I don't get the senior year thing. When we were freshmyn, it was about learning community. As sophomores, we learned to dream and to think about the United States. As juniors, we raveled in cocoons and were guided out of a cave. Then the senior year came, though, and I don't see the larger mission of what we are to learn.I'm not sure why, but I doodled this in a notebook. It fell off my shelf today and I tried to make sense of what I had to say.
Unfortunately, I'm not including all the illustrations.
For What Once Was A Goldfish - 03/03/01
There once was a man who wandered. He went here and there, but was always going somewhere towards what was always supposed to be. It was beautiful to wander.
Along the wandering, a group joined him, heading here and there, towards somewhere that was supposed to be. They traveled for some time, moving together, before anything was known or said.
Suddenly, the man stopped and the group stopped with him.
"What?" they wanted to know.
"Nothing," he responded. "It's just that....well...look at us. We're an odd sort moving forward like we do...it's sort of neat being with one another for a while...a community of sojourners."
And they continued to wander.
They wandered further for a great deal of time with more heres and theres, heading somewhere and and trying to read the supposed-to-be's. They did not stop again, though, until the man thought he heard something.
"Listen," he requested. "Do you hear that? Do you hear how our voices come together to make music under the rules of our wandering? What odd, beautiful laws we follow."
The group agreed and said to one another how nice it was to travel with this man who seemed to be heading here and there, moving forward to where they were supposed to be.
The group continued to wandering with the music they found in each other's voices, but one by one, they began to have deep, sad thoughts about going here and there, heading towards a direction of getting somewhere with this man.
And the man knew this.
When the time came, the man stopped again.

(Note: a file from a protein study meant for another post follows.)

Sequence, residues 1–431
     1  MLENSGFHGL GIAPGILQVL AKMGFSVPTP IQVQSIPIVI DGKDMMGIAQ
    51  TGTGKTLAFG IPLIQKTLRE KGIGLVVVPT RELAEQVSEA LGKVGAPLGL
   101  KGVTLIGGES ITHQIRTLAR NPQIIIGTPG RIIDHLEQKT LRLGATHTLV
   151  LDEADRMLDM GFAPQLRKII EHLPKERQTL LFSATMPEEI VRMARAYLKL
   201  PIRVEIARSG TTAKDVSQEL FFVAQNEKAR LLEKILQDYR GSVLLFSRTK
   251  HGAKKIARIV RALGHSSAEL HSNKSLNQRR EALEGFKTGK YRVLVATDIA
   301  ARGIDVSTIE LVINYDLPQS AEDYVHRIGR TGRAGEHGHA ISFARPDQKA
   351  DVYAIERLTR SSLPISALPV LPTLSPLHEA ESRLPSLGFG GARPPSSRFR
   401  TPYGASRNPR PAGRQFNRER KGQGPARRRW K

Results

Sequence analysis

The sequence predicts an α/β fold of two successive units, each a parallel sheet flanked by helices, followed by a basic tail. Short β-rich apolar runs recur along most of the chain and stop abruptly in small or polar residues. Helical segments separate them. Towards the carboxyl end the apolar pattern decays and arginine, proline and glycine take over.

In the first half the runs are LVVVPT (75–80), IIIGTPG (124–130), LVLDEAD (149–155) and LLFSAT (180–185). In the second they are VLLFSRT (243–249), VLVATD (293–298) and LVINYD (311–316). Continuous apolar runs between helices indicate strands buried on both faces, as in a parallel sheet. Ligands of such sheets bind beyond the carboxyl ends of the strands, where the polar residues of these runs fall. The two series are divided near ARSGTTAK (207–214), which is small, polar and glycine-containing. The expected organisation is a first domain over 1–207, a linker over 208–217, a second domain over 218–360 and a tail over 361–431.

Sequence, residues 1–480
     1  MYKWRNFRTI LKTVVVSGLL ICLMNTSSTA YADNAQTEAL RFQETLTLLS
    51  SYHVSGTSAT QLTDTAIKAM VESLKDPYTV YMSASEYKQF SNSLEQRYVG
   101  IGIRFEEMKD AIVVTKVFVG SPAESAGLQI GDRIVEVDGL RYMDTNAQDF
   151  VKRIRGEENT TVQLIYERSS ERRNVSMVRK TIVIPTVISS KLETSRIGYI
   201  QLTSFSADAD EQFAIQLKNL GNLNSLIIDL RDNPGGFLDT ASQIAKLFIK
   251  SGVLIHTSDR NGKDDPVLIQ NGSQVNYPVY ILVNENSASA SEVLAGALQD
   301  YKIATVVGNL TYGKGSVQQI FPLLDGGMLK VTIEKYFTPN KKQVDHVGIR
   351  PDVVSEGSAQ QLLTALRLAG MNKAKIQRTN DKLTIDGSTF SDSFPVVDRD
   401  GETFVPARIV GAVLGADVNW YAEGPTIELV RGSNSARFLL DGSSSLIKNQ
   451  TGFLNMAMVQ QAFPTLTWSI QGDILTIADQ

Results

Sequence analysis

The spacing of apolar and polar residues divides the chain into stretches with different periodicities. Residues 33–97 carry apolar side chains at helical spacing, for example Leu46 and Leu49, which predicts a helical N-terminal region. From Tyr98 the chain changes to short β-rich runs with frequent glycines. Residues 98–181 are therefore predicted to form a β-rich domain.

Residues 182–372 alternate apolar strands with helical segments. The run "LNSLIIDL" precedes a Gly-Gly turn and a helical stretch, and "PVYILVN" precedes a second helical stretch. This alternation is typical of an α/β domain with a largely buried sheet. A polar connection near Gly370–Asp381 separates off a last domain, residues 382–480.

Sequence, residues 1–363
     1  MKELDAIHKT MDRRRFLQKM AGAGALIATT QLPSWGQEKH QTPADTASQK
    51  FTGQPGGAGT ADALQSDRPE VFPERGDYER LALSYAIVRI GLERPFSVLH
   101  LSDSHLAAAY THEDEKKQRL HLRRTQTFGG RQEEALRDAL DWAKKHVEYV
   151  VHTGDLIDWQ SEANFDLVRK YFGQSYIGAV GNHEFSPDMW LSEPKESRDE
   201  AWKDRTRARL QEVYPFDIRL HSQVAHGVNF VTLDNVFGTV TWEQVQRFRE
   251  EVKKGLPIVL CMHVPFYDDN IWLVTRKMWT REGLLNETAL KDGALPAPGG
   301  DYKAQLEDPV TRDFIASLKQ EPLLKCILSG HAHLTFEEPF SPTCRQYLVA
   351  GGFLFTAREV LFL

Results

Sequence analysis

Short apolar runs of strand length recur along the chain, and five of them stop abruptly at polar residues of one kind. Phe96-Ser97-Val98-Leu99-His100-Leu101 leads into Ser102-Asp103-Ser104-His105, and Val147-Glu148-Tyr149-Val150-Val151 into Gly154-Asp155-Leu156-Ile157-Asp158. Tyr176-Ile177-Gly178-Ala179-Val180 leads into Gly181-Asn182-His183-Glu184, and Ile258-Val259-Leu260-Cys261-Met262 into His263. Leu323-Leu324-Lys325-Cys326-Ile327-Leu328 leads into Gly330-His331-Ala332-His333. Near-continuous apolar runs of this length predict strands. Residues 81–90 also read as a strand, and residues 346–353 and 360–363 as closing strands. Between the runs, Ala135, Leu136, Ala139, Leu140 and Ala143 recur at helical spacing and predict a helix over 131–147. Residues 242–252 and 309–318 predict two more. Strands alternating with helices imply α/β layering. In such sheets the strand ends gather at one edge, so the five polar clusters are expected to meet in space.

"We have come a long way together," he said. "But this is not real. We are merely an echo of ourselves walking in circles for a very long time. If we are to get to the somewhere we're suppose to be, then we have to look inside to find our own journey. Mine is not yours. I will continue with you and help where I can. We all must move forward, wandering, but you might want to wander here and there on your own to find the something that is supposed to be.
So, the group continued moving here and there toward the something that was supposed to be listening to their individual voices that once made music together. The echoes began to become clearer.
One by one, individuals came to the man and whispered, "This journey with you has been good, but I no longer here the music of us together, and although I love moving here and there toward the something that is supposed to be with you, I now know I must wander in my own direction towards the something that is supposed to be for me."
The wandering man understood this and felt great joy.
"What fortune," he thought to himself, "to have the company for as long as I have."
He knew the day would come. He had his own here and there of where he was going and felt at ease wandering towards the what was supposed to be. As he watched each of them leave he felt it was as beautiful as the day he first wandered alone in a direction looking for the something that was supposed to be.
He recognized that each of were a part of him now. He understood wandering together was meant to be as it was, but separating also made him smile.
Alone, he wandered here and there again looking for the something that was supposed to be, listening to his own song in his head.
The man wandered more, here and there, towards something that was always supposed to be, and
along the way, another group joined him. They wandered here and there towards the something that was supposed to be.
This was beautiful, too. This wondering.